It has come to my attention that introductions are hard, particularly trying to introduce something you've been thinking about for fifteen years, when Blogger was but a twinkle in a developer's eye. My name is Ilana Lucas. I am a Type 1 Diabetic, and I have been mulling this idea over and over in my head since I was diagnosed hours before my best friend's 13th birthday party (I was 12) in 1997. My diagnosis story is atypical. My mother had insisted that I get tested because my first cousin had recently been diagnosed with classic symptoms at the tender age of four, and, well, who's the comedian who, on the subject of a disease, says "it doesn't run in my family; it gallops"? That's the case for my family and various types of diabetes (it's nowhere near as prevalent in my family as many, but it still seems to happen often enough). The doctor initially refused but humoured my mother. My fasting test came back at 27 (486 for the non-metric; whatever scale, it was bad).

When I was diagnosed, I wasn't put on insulin immediately. I have no idea why. The doctors seemed to think diet would help. It didn't. They thought metformin would help. It didn't, though it helped nauseate me constantly. It didn't help to the point where I didn't know whether it helped or not, since I hated my numbers that I could never get right, I stopped testing.

At 15, my pancreas finally gave up the ghost and I was mercifully put on insulin. My endocrinologist tells me I'm a Type 1. I'm beginning to wonder if I had a case of LADA, even though I was young. The consensus seems to be that I was a Type 1 caught very early thanks to my mother, but I've never been able to shake the worry/guilt that the (100% undeserved by anyone) stigma of Type 2 applies to me. I don't know how to define myself. It bugs me.

I didn't take care of myself for a long time. I had a fatalistic attitude toward my condition. I'm a perfectionist with an obnoxious resume: top of high school class, Princeton grad cum laude, Columbia grad school grad cum laude. I tried to be the perfect child and I never rebelled. Except for this. Diabetes was my rebellion. It was the only test I couldn't be perfect at so I ignored it. Unfortunately, it was the test my life depended on.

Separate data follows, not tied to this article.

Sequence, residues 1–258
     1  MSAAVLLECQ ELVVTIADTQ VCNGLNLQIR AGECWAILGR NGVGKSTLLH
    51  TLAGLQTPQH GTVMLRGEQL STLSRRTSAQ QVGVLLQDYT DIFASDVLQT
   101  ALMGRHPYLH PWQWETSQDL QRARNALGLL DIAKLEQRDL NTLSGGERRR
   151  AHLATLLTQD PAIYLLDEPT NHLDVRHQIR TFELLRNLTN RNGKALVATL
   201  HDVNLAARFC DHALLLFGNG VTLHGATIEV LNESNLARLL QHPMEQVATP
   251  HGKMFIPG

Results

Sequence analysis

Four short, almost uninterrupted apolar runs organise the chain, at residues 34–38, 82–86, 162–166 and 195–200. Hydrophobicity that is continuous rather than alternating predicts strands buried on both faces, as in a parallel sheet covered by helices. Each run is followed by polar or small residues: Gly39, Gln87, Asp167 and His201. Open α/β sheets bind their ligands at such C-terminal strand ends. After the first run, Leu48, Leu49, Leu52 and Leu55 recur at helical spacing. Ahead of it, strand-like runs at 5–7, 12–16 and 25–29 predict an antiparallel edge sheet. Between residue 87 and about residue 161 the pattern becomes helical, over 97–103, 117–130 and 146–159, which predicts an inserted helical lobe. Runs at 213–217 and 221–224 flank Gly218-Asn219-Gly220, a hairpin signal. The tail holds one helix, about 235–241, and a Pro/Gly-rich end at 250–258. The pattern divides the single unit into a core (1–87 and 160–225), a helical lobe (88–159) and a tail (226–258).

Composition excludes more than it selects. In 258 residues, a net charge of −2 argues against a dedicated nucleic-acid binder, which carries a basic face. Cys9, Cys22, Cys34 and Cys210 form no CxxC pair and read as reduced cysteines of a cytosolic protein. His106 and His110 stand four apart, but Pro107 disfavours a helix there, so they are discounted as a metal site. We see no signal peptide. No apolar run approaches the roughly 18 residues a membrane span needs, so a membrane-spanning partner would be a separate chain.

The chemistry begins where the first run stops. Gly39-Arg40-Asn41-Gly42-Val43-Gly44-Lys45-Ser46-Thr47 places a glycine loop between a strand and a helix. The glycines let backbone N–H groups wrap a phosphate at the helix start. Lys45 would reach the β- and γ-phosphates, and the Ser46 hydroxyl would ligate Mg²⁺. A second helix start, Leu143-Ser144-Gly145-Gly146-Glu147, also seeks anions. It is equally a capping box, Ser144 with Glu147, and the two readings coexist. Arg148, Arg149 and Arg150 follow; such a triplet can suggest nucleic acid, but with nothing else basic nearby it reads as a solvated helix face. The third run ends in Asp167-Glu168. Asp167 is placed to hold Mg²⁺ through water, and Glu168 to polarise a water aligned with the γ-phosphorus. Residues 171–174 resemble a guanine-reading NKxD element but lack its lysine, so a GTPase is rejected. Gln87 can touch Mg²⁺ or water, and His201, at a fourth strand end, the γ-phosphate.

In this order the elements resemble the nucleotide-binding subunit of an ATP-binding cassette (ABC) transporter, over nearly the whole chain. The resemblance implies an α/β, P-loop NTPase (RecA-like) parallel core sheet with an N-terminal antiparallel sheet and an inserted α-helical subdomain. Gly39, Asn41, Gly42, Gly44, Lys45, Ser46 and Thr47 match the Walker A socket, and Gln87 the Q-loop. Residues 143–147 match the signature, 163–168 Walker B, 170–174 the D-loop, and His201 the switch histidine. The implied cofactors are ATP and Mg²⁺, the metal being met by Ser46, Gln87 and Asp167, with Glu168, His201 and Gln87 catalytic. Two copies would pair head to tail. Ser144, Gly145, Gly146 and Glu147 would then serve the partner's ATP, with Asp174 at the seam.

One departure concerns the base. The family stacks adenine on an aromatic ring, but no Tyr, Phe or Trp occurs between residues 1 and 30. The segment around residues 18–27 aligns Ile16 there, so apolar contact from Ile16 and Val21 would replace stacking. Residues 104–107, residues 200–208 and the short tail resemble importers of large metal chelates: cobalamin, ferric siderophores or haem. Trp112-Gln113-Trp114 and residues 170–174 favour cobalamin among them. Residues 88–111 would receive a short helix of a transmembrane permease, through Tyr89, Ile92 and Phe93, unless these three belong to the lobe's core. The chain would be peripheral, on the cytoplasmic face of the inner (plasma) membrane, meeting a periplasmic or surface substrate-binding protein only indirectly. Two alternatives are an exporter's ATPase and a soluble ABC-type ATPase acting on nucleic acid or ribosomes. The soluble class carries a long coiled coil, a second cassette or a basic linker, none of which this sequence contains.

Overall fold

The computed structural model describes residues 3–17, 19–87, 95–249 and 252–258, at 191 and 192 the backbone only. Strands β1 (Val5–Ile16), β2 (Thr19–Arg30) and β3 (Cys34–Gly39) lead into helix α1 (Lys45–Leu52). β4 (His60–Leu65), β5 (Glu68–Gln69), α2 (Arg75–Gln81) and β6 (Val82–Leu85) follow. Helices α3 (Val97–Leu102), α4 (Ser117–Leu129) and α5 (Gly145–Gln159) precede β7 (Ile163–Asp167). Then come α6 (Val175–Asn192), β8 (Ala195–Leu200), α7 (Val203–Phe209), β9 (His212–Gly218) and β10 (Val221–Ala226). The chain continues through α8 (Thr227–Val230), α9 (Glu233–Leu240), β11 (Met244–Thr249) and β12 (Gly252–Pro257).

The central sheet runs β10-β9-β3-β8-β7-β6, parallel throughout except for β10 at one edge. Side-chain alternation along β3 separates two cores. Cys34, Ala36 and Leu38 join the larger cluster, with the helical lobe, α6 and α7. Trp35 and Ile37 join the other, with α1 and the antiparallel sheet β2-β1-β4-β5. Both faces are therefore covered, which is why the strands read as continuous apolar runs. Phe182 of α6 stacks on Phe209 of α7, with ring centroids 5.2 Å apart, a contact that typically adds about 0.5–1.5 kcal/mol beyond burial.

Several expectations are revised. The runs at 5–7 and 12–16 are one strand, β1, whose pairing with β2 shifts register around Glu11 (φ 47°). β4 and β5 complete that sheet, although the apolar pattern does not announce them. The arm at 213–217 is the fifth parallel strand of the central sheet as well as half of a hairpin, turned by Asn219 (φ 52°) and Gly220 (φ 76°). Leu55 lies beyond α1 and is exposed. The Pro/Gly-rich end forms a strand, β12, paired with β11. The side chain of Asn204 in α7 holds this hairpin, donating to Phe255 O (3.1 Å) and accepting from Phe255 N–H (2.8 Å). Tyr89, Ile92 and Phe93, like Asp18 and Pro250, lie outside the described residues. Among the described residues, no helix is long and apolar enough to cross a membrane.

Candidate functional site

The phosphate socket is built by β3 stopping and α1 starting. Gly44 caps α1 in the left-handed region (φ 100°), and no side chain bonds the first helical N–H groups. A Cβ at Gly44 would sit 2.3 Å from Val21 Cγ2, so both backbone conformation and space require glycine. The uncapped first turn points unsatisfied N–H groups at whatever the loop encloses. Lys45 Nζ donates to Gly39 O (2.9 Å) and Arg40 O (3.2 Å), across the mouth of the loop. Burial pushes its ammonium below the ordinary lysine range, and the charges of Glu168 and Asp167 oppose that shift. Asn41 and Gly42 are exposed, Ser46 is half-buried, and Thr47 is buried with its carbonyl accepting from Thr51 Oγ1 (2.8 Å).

It's only been in the past couple of years that I've shaped up and accepted myself and what I have to do, though I'm still not perfect. I attribute this to a combination of a wise voice from grad school, and my introduction to DSMA, Diabetes Social Media Advocacy. It's not an exaggeration, though it sounds silly, to say that the other diabetics I have met through social media have changed my life. I went from MDI to a pump (Animas Ping) in November 2010, and brought my A1c's into the best shape they've ever been by a long shot, though I recognize I have a long way to go.

Other things about me: I'm currently a contract professor of English; I'm engaged to a wonderful guy I met in undergrad, and I sing in a choir and play rock handbells with five other rockin' chicks in our group, Pavlov's Dogs. I blog about theatre and music here.

Why Diaturgy? My great love, and educational background, is in a field called dramaturgy. A dramaturg is the equivalent of a theatrical consultant; she or he, through a combination of research, teaching, writing, mediation, conversation, and working with playwrights, directors, and actors, is responsible for ensuring the most powerful and accurate communication of the theatrical event possible. A dramaturg bonds everything together, functioning as a bridge between audience and production, and as a bridge between various parts of the production. The key word for a dramaturg is communication. In this blog, I hope to communicate; to dramaturg my diabetes. I hope to be a bridge between myself and other diabetics, myself and non-diabetics, and, I hope, between others who might want to enter into the conversation. I hope to do this with thought and passion.

But first, I intend to tell you why diabetes is like a bad buddy cop movie starring Owen Wilson, and I intend to share some of the silliest song parodies imaginable. Because I'm like that.

Thanks for reading!